A month after the Newtown massacre, people around the world are remembering the victims and attempting to understand the mass killing. Having recently returned from a research trip to Europe, I thought that an examination of European perceptions of the Newtown massacre could be useful at this point.
The Newtown massacre in December 2012 horrified, but fascinated European audiences. The mass killing confirmed European stereotypes about American society as a particularly violent one. European media follow news from the United States closely and routinely report on major developments in American politics and society, but this story seems to have particularly touched a nerve in European audiences. A month after the shooting rampage, European media continue to report on the killings and the ensuing debate in the United States over gun control.
European reporting on the massacre has often focused on a supposedly violent American character, inversing the triumphalist claims of American exceptionalism. A particularly American culture of violence, including seemingly unlimited acceptance of guns, seems responsible for the Newtown massacre in much of the European press. A Repubblica article discusses the culture of violence. American gun violence is typically characterized as irrational and American attitudes on guns are often presented as insane. Le Monde ran a story on “L’Amérique face à sa folie des armes” after the Newtown massacre.
The sheer number of mass killings and shooting rampages in the United States shocks European journalists and audiences. An article in Libération seeks to explain mass killings to French readers. Of course, there have been mass killings in Europe in recent memory, such as the Cumbria mass shooting in Britain, the horrifying Utoya massacre in Norway in 2011, the shooting spree in southern France in March 2012. Few European publications seem to have focused on comparisons between the Newtown massacre and these mass shooting incidents, however.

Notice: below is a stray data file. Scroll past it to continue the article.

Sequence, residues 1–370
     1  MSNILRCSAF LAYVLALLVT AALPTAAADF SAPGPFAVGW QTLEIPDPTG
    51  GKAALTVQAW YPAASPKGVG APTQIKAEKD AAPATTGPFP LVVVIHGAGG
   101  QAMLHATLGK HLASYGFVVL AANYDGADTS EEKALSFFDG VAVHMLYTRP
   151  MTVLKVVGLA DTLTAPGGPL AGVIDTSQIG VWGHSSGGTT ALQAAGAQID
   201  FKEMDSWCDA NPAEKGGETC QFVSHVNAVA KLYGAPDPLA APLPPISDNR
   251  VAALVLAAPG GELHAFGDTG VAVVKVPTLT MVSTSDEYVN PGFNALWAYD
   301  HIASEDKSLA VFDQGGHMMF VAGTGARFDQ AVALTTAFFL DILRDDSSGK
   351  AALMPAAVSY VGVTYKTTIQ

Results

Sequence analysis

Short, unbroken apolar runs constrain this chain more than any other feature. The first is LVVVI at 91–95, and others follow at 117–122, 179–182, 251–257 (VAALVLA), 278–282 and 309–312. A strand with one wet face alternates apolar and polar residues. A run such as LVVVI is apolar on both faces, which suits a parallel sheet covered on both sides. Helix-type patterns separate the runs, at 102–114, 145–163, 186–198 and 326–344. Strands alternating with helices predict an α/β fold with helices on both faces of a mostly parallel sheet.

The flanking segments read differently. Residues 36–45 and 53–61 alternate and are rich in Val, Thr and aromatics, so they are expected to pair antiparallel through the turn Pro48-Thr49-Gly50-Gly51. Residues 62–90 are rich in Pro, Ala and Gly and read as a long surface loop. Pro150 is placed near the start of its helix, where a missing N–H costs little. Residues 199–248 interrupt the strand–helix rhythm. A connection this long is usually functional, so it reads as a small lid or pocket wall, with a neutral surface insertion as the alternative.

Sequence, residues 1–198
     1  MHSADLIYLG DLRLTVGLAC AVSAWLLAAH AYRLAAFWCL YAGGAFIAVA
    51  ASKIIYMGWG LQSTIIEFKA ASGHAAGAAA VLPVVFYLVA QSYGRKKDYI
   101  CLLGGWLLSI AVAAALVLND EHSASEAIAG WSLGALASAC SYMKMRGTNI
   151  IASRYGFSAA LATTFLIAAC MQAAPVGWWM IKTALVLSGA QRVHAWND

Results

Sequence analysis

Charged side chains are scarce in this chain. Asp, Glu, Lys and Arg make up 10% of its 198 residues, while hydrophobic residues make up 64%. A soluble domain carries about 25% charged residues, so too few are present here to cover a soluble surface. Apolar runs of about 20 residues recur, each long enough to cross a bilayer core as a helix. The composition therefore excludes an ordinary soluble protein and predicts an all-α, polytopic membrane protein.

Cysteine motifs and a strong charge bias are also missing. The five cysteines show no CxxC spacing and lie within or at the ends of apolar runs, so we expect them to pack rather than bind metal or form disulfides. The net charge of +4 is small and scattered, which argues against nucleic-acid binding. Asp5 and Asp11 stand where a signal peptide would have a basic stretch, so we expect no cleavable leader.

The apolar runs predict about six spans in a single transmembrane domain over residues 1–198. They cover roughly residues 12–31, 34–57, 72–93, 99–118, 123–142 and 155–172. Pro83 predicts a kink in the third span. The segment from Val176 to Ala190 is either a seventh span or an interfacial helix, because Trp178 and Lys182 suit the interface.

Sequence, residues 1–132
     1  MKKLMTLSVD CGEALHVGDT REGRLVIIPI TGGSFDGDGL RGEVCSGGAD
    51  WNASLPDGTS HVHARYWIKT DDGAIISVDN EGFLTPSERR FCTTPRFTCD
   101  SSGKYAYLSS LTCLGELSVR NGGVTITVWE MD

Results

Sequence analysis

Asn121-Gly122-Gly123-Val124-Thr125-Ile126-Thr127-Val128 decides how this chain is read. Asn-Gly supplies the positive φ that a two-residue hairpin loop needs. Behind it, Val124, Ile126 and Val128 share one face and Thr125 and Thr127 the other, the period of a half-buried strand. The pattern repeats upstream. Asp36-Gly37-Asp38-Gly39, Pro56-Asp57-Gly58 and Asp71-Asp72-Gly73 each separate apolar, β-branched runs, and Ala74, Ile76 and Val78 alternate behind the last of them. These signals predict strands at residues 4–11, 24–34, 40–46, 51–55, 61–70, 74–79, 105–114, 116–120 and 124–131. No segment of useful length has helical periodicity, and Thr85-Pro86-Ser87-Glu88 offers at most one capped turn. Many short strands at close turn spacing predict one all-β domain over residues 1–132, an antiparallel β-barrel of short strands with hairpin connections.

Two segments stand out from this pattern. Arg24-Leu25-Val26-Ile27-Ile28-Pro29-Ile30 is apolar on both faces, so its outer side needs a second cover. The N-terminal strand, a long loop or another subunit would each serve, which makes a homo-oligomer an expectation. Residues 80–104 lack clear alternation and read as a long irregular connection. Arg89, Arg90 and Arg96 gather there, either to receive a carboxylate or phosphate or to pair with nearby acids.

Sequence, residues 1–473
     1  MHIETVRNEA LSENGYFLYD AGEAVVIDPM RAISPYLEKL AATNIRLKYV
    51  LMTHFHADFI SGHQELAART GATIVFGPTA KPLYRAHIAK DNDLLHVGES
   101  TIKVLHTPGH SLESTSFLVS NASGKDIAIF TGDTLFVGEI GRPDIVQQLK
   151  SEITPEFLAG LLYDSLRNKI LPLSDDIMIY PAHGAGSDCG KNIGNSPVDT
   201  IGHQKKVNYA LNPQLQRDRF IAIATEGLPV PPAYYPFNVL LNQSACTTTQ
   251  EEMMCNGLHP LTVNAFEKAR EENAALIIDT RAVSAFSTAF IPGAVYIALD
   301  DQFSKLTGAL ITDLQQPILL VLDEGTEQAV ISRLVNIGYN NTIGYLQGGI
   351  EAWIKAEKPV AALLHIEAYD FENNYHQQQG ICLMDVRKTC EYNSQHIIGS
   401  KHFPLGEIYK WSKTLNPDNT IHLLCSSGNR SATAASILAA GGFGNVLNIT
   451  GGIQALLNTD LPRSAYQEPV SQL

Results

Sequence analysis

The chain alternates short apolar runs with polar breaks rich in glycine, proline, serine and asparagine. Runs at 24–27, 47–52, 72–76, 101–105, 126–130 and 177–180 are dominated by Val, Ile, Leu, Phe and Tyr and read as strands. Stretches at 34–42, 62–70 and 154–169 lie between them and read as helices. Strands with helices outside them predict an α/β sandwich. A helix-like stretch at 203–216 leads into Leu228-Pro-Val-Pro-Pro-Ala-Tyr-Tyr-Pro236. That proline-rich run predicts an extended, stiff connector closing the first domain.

European media have reported extensively on the numerous shooting sprees and would-be rampages across the United States in the past month since the Newtown massacre, including the assassination of firefighters in New York state, the multiple murders in Aurora, and the killings in rural Pennsylvania. Repubblica reported on a teenager who took a gun to school in Utah and on a shooting in Las Vegas. Le Monde highlighted the differences between the mass shooting in Newtown and the nearly contemporaneous mass stabbing of children in China, where no victims were killed.
The proliferation of firearms figures prominently in European reporting on violence in America. A Le Monde article focuses on the diffusion of arms in the United States and a BBC story provides detailed statistics on arms ownership and gun violence. Libération reports polls showing that a majority of Americans favor curbing arms proliferation through gun control measures. Numerous stories have discussed the growth in arms sales since President Obama’s election, and especially following the Newtown massacre. Many of these stories have stressed the booming business at gun shows, as in a Le Monde story entitled, “Ambiance familiale et frénésie d’achat au « gun show ».”
Most European media deplore the pro-gun attitudes of American citizens and the lack of action by American lawmakers to institute gun control measures. The Economist published a piece on the American people’s failure to act.
European news media have highlighted the power of the National Rifle Association as explaining American inaction on gun violence. Le Monde reports on the political influence of the NRA and the Great America news blog at Libération also focuses on the NRA. The Independent accused the NRA of hypocrisy for trying to shift the blame for the Newtown massacre from assault rifles to Hollywood.
Some of the European stories, such as one by Le Monde, point to gun buyback programs as a potential method of reducing the number of firearms in circulation in the United States.